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What Is Your Name? - by Elder Ramesh

Updated: a day ago

I often hear, ‘…things were better back home. The way we ran our church services was far superior to the way we run our services here’. Our bad experiences in the workplace sometimes force us to think that life was way better back home than it is here. ‘Oh, I hate this place, institutional prejudice is unbearable’, is a common expression. I believe these expressions carry genuine connotations.


I went to a Sikh school, a school primarily for Sikh children. Although a majority of the kids were from Sikh homes, pupils from all walks of life attended there. The teaching faculty were kind and often gave equal attention to their pupils. However, from time to time, when you exceeded their expectations, or perhaps did not do very well, you drew more attention. Very much like what Dillibe Onyeama, the first Nigerian at Eton College, alluded to in his recent revelation about the racism he suffered at the prodigious college in the late sixties. Often, the teacher would ask me to stand up. The first thing they would utter was, ‘What is your name?’ Knowing full well what it was. My timid answer would be, ‘Ramesh Massey.’ ‘What is this Massey (Messiah)? What does it mean?’ The teacher would go on to ask, ‘it means Christ?’ Which led to my religion, ‘oh, so you are a Christian’. From then on, either my name would be mispronounced deliberately, or I would even be given a name that had no relevance to my name. A little while ago, Christians were considered, ‘unclean’, and not to be touched, though I never suffered that level of humiliation. However, as some of us experience racism in the west, many of us, or our forefathers, suffered under the caste system (with its five categories) in my country of birth. Your caste plays a major role in securing jobs, especially reputable jobs. You cannot visit or go to certain places depending on your caste. Some may even refuse to take food from you.


Is racism or prejudice only confined to our shores? Is this something that only Blacks or Asians suffer at the hands of the Whites? The Jews hated Samaritans to an extent that they felt that Samaritans would never make it to heaven. But praise God for Jesus. He changes all that by making a good Samaritan a hero (Luke 10), and the other Samaritan becomes the female evangelist (John 4) who goes on to share the good news with others. Jesus also experienced religious and racial discrimination.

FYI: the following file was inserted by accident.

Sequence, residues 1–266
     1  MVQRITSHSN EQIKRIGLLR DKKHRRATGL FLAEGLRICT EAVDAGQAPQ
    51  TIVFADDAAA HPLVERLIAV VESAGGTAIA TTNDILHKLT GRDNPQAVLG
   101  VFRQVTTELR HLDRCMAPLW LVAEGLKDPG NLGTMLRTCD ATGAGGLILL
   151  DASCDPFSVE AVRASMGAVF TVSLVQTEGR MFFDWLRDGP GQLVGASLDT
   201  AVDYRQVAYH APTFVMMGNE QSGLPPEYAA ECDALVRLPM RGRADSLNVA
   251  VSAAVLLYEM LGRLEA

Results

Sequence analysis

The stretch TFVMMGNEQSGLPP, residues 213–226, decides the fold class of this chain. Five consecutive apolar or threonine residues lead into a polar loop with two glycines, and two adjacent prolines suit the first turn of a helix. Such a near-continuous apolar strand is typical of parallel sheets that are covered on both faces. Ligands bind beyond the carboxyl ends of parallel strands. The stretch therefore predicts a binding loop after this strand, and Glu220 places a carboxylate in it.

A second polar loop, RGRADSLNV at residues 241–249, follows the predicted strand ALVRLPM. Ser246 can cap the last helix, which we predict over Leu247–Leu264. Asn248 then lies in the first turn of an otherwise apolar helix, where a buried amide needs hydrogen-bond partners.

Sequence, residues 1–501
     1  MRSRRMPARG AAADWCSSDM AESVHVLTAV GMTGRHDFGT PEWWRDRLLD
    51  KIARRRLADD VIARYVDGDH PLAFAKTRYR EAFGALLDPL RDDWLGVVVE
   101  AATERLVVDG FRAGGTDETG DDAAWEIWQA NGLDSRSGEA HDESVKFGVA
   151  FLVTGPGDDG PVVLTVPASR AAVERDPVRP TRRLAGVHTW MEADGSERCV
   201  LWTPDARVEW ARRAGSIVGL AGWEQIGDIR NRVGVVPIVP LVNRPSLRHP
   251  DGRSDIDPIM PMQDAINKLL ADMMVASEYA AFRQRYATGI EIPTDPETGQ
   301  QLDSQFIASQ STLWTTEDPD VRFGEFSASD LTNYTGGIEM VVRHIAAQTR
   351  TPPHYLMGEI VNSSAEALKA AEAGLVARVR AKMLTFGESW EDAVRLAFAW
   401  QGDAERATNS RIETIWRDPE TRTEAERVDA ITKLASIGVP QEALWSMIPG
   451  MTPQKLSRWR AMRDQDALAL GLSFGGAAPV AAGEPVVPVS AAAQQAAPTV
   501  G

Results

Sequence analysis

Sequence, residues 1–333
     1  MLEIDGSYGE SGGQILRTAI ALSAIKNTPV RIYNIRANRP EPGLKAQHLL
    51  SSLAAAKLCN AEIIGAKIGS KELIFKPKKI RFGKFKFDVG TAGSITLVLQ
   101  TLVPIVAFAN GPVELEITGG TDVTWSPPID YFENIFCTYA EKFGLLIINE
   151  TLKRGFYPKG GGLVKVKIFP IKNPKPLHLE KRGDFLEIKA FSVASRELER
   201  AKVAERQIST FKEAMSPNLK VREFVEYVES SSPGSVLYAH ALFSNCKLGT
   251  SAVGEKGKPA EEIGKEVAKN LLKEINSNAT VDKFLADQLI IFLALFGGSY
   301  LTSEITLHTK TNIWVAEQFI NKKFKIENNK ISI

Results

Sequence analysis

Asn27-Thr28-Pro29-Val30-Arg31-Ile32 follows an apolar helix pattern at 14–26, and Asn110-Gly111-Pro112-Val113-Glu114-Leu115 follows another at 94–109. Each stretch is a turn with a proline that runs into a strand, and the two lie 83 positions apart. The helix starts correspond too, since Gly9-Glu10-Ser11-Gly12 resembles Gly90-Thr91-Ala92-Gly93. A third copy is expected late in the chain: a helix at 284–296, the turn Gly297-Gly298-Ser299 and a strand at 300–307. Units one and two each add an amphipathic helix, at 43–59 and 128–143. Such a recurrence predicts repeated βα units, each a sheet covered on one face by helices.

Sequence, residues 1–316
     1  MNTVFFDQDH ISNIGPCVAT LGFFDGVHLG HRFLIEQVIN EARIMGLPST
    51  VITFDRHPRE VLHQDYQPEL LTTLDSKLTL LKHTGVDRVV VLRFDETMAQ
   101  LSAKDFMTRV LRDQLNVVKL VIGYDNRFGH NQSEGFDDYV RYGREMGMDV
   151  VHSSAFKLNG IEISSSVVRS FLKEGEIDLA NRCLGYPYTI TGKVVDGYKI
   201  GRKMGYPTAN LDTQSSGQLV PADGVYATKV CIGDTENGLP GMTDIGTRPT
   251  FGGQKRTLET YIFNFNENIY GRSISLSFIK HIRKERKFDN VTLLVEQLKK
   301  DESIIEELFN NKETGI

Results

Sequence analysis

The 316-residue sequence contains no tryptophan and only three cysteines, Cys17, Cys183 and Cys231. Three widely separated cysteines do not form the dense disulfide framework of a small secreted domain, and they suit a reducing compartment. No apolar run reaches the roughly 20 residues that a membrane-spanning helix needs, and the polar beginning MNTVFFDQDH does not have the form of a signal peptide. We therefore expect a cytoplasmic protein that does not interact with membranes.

It is evident that the first disciples were not above prejudice. Even Peter was prejudiced – see his experience at Joppa (Acts 10:9-23), where God had to challenge his prejudices regarding Gentiles. After Jesus’ ascension, the new Christian ‘church’ had to rethink its attitude to Gentiles (i.e. non-Jews). Many Jewish Christians believed Gentiles must become Jews before they could become Christians.


Brethren, I have been saddened by the recent events across the pond, and of course the peaceful marches that sometime also turn violent, even in our own backyard. Albeit, there seem to be legitimate reasons for all these. While we must rise to the occasion and fight the injustices taking place in our society, let us not focus on the negativity or barriers. Think of Daniel, even as a captive, he goes on to become the Prime Minister (Daniel 2:48). Think of Joseph, his own family who had their own prejudices, betrayed him, and he goes on to become the governor of Egypt (Genesis 41).


Do not let your discouragements stop you in your tracks just because there are barriers. Learn to jump over them, squash all barriers and reach the spot you’ve always aspired to. Let us not be distracted by those who are keen to push us down. The famous civil rights activist, Martin Luther Jr, once said, ‘I have decided to stick with love, hate is too great a burden to bear, free at last, free at last. Thank God almighty we are free at last. Darkness cannot drive out darkness; only light can do that. Hate cannot drive out hate; only love can do that.’


Our names represent our heavenly Father, who made us all wonderfully and fearfully, no matter the colour, creed, or our background. We are children of our Heavenly Father. Continue to excel, and grow spiritually. Pray for those who persecute us. So that we may do our Father’s will.


“Then Peter began to speak: “I now realise how true it is that God does not show favouritism but accepts from every nation the one who fears him and does what is right”. Acts 10:34-35

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